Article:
Monday, May 11, 2009

Afghan Star


A lot of people think mainstream pop is a sell out or pedestrian. A show like American Idol is dismissed as middle of the road.

In some countries singing and dancing it's the most radical thing you can do. Footloose is a 1984 film that tells the story of Ren McCormack (Kevin Bacon), a teenager who was raised in Chicago. McCormack moves to a small town where the town government has banned dancing and rock music. Ren and his classmates want to have a senior prom with music and dancing. They must figure out a way to get around the law and Reverend Shaw Moore (played by John Lithgow), who makes it his mission in life to keep the town free from dancing and rock music.
The movie was loosely based on events that took place in the tiny, rural farming community of Elmore City, Oklahoma

3 comments:

tweetey30 said...

I remember that one. I am having my mom look for Buffy The Vampire for me in her movie Collection.. If she cant find it she is going to order it for me for Bri's B-day..

Gardenia said...

Sounds like we have more "liberating" to do in Afghanistan. I guess that was sarcasm, but perhaps our presence there has helped, who knows.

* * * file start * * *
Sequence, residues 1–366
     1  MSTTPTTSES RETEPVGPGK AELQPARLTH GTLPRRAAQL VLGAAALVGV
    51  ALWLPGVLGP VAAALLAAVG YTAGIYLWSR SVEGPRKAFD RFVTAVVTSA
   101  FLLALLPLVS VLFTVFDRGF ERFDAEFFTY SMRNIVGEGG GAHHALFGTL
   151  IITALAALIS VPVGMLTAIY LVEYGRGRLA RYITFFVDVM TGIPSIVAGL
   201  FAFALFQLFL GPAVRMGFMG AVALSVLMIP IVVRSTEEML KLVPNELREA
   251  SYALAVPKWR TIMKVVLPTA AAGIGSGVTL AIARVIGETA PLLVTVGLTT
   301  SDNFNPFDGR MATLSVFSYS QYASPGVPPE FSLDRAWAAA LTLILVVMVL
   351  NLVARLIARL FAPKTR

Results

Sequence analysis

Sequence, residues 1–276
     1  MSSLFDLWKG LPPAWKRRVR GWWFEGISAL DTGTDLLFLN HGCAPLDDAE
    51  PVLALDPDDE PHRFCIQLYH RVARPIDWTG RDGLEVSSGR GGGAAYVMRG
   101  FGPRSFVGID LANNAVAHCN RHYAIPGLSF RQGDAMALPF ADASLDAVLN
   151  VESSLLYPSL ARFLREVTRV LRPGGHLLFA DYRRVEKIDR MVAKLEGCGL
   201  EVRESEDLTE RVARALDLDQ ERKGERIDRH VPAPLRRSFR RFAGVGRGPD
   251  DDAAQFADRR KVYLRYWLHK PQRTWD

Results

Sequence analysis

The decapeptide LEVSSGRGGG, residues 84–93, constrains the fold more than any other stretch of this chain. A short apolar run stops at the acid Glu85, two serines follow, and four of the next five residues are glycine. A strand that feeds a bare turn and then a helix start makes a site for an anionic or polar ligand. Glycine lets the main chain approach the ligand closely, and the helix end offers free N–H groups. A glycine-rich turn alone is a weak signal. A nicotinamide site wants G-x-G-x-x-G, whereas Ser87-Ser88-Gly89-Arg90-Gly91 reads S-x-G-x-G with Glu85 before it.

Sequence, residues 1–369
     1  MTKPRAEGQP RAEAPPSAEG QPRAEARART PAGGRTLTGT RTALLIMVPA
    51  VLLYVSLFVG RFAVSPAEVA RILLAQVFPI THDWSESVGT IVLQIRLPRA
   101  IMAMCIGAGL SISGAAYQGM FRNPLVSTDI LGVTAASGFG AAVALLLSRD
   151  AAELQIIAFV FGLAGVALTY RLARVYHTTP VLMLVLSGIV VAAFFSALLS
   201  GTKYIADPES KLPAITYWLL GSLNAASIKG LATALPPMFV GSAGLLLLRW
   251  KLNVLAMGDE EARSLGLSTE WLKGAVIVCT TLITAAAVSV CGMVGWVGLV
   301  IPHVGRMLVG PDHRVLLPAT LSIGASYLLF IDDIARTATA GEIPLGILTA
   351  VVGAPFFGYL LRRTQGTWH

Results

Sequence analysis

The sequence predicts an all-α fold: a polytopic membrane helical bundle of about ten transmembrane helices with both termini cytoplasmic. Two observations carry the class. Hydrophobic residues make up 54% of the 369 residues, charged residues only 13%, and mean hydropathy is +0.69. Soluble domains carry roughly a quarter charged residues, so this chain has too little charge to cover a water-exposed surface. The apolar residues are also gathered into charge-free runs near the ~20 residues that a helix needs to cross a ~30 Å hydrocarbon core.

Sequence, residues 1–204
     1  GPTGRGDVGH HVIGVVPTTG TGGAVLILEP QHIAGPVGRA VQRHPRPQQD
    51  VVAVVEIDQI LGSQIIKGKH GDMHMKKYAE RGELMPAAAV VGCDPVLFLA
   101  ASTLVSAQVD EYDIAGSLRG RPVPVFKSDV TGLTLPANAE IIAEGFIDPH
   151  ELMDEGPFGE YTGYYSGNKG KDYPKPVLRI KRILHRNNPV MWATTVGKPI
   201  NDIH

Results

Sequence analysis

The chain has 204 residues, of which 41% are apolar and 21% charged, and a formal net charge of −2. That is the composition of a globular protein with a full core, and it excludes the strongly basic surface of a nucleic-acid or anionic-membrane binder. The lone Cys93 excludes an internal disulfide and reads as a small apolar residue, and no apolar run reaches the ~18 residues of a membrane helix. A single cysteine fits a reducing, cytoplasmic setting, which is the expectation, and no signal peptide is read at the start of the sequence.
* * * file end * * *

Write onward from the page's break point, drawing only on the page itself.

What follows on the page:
The Afghan people are so incredibly beautiful in color, features, etc. The men in general - frightening attitudes. Imagine fearing being shot for having a song escape the heart to the air.

What is it - this hatred of women, this control! Can you imagine how dark and oppressive that place must feel?

I think the theme behind Footloose was also fear - a legalistic religion fosters fear, if not at the end, left unchecked, murder - of the soul and freedom.

Candy Minx said...

Tweetey, I love the movie Footloose.

Gardenia, it's not a man or woman thing so much s it's fundamentalism. It was fundamentalism in the movie Footloose (Elmore City, Oklahoma) which made such rules and fundamentalism which drives the controling of women in many societies, including our history of control in North America. Fundamentalism arises when we see resource scarcity and poverty. I think it's interesting to note that for people who ar concerned with "authenticity" or what is cool in music, what iss "good" music...in North America...it becomes a petty philosophy or sense of stature when compared to Afghanistan. Here so called hip urban posturing about rejecting music deemed mainstream...seems trite when compared with people loving music in Afghanistan.